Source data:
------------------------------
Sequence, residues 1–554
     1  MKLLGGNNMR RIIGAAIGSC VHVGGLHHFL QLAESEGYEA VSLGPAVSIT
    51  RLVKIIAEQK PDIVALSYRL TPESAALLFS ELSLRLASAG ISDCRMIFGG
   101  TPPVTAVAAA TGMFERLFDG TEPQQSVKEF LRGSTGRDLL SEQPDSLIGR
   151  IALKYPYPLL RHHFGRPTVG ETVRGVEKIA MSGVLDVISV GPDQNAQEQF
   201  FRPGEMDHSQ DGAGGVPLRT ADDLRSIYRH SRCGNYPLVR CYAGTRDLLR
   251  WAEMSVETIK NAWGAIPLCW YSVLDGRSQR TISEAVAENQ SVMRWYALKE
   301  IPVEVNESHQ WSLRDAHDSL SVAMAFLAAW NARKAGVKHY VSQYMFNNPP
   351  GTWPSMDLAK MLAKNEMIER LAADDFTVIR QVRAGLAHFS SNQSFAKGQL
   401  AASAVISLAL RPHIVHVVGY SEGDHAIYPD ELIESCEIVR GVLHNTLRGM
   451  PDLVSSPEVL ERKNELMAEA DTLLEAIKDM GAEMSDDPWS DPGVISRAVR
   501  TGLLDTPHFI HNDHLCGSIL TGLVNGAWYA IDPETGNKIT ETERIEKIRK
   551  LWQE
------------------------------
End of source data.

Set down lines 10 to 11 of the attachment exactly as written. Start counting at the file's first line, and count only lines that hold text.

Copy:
   401  AASAVISLAL RPHIVHVVGY SEGDHAIYPD ELIESCEIVR GVLHNTLRGM
   451  PDLVSSPEVL ERKNELMAEA DTLLEAIKDM GAEMSDDPWS DPGVISRAVR